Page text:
Study reveals that youngest siblings are obsessed with being the funniest

Study reveals that youngest siblings are obsessed with being the funniest

Older and younger siblings are very different. Everyone who has siblings knows this, as does every parent who has more than one child. In all honesty, even those without any brothers and sisters know this, after meeting a friend's siblings for more than five minutes.

Psychologists have been studying these dynamics for years now, and for good reason. There's bound to be a huge difference behind the personality of the first-born child and the last one to join the family. New parents likely have a lot of anxiety over their inexperience with their first baby, whereas by the third or fourth they have a better understanding, but likely a lot less time as they are spread thin across multiple mouths to feed.

For me, the difference was pretty clear. I have both an older brother and an older sister, and we're all very different. Things have levelled off now that we're all adults, but when we were young you could see how the age difference affected how we acted towards one another. My sister, the middle child, tended to feel that she was treated unfairly while we had the advantages of being the eldest or the "baby" of the group (in my case). I was always frustrated by seeing them both get to do things I was too young to do, and the eldest of us ended up being pretty self-sufficient as attentions were turned to his younger siblings.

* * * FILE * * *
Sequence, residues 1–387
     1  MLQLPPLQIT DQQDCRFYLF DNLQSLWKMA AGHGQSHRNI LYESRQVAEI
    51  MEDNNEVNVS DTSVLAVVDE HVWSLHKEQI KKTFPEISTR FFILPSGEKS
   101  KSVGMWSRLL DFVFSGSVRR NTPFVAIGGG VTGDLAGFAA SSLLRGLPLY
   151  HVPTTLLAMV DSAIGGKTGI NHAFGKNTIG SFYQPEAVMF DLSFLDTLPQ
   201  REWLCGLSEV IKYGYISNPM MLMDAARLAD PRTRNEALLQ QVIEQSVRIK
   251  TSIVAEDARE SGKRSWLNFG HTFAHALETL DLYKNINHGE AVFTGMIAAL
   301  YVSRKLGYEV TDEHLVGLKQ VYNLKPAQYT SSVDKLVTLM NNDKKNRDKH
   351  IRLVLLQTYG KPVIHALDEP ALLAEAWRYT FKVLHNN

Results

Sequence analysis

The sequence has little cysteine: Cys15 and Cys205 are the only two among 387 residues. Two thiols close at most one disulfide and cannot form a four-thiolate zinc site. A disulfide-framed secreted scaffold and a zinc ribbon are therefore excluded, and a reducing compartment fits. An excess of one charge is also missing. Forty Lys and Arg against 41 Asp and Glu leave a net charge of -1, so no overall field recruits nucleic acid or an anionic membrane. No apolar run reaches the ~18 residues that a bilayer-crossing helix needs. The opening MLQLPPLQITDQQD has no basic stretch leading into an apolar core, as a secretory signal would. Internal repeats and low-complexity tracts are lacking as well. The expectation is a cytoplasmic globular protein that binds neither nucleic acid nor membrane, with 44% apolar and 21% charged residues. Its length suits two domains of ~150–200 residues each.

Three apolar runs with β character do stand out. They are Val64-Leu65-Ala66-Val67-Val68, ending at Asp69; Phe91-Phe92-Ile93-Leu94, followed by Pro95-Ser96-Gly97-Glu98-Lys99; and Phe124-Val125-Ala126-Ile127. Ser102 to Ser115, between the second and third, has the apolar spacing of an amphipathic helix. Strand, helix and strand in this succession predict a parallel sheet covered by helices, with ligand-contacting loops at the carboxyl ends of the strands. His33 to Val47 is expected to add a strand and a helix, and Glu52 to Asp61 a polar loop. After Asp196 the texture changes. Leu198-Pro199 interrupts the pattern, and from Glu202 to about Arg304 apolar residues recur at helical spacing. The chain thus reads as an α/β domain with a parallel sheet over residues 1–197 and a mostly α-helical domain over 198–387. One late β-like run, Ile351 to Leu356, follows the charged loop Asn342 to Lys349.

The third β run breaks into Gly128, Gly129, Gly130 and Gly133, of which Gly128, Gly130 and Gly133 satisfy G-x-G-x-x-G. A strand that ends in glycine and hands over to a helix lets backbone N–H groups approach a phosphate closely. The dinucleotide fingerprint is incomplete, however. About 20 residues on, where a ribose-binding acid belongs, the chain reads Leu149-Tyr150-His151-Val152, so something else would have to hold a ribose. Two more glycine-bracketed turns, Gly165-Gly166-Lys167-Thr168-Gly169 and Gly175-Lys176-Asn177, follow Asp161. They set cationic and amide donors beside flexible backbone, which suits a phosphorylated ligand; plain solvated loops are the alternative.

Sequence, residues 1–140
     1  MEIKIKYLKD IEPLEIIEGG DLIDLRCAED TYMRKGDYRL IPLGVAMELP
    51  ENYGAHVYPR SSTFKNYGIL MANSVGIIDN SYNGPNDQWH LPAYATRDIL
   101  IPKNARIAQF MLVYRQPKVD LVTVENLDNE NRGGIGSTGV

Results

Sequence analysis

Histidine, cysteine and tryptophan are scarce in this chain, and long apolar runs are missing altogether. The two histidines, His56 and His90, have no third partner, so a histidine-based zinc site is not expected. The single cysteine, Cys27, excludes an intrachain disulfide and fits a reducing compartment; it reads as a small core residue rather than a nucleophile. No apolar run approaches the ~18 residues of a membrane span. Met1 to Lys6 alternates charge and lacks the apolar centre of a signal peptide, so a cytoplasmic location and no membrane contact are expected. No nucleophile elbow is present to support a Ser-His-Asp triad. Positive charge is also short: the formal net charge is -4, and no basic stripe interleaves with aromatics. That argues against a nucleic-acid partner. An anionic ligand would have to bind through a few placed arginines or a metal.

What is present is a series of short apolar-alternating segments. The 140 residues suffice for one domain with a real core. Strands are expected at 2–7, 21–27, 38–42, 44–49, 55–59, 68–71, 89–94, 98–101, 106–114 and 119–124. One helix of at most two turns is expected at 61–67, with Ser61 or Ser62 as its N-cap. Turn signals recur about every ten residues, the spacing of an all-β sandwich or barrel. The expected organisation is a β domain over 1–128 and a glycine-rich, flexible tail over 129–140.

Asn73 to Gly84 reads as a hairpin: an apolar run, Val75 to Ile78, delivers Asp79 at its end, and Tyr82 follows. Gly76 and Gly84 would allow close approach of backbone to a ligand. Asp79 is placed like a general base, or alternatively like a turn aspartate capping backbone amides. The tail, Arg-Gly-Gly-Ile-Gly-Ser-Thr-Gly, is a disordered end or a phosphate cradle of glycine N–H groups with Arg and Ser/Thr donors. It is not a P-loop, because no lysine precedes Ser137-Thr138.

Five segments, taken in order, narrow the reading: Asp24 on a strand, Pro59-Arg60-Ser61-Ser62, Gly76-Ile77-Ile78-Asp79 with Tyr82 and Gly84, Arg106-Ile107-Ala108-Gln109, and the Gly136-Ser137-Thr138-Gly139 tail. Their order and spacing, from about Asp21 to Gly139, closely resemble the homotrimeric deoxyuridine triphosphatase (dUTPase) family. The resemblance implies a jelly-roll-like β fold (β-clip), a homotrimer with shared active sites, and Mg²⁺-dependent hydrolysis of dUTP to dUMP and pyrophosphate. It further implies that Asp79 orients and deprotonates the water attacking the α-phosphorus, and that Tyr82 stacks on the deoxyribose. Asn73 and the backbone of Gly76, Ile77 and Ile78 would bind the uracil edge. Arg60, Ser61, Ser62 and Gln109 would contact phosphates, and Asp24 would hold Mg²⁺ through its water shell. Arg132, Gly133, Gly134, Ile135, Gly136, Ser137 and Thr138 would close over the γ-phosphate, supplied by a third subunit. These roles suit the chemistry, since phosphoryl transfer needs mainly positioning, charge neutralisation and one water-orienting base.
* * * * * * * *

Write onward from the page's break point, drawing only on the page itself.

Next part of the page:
But another way in which siblings can be different is in how they see themselves. According to a poll taken by YouGov, who studied the personalities in the youngest and oldest children in Britain, younger siblings see themselves as the funniest of the children, while older siblings believe themselves to be more successful and responsible.

As the study describes, there are plenty of differences in how children see themselves and each other. Looking at the stats, the poll revealed some truths about siblings that you may see in your own family:

"Splitting out the first and last born siblings in British families with more than one child (86 per cent of the population), a clear divide in personality traits emerges.

The most significant difference is in feeling the burden of responsibility – most (54 per cent) first borns say they are more responsible than their siblings, compared to 31 per cent of last borns.

Younger siblings, on the other hand, are more likely to say they are more funny (46 per cent compared to 36 per cent of elder siblings), more easy going and more relaxed."

The website admits that age can have some affect on these results, rather than the family dynamics, but there are undoubtedly some forces at work that have more to do with how we are brought up. After all, when the second (or third, or fourth...) child comes around, the first may have to learn a lot of lessons for themselves while their parents' attentions are elsewhere.

This isn't the only discovery made about how our origins affect our personalities and livelihoods in the future, as you can read about the recent study that found that people born in September are more successful.